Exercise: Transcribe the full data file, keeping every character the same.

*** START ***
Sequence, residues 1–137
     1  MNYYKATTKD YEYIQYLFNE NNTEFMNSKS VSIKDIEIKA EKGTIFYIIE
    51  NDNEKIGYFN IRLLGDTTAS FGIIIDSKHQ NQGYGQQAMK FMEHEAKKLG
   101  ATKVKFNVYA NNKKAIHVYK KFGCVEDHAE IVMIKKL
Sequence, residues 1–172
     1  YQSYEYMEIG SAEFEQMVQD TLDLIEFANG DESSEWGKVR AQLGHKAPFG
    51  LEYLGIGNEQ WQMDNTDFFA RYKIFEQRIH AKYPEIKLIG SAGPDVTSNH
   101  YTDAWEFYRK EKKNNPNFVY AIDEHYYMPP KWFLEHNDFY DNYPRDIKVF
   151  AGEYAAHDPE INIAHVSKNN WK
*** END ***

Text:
Sequence, residues 1–137
     1  MNYYKATTKD YEYIQYLFNE NNTEFMNSKS VSIKDIEIKA EKGTIFYIIE
    51  NDNEKIGYFN IRLLGDTTAS FGIIIDSKHQ NQGYGQQAMK FMEHEAKKLG
   101  ATKVKFNVYA NNKKAIHVYK KFGCVEDHAE IVMIKKL
Sequence, residues 1–172
     1  YQSYEYMEIG SAEFEQMVQD TLDLIEFANG DESSEWGKVR AQLGHKAPFG
    51  LEYLGIGNEQ WQMDNTDFFA RYKIFEQRIH AKYPEIKLIG SAGPDVTSNH
   101  YTDAWEFYRK EKKNNPNFVY AIDEHYYMPP KWFLEHNDFY DNYPRDIKVF
   151  AGEYAAHDPE INIAHVSKNN WK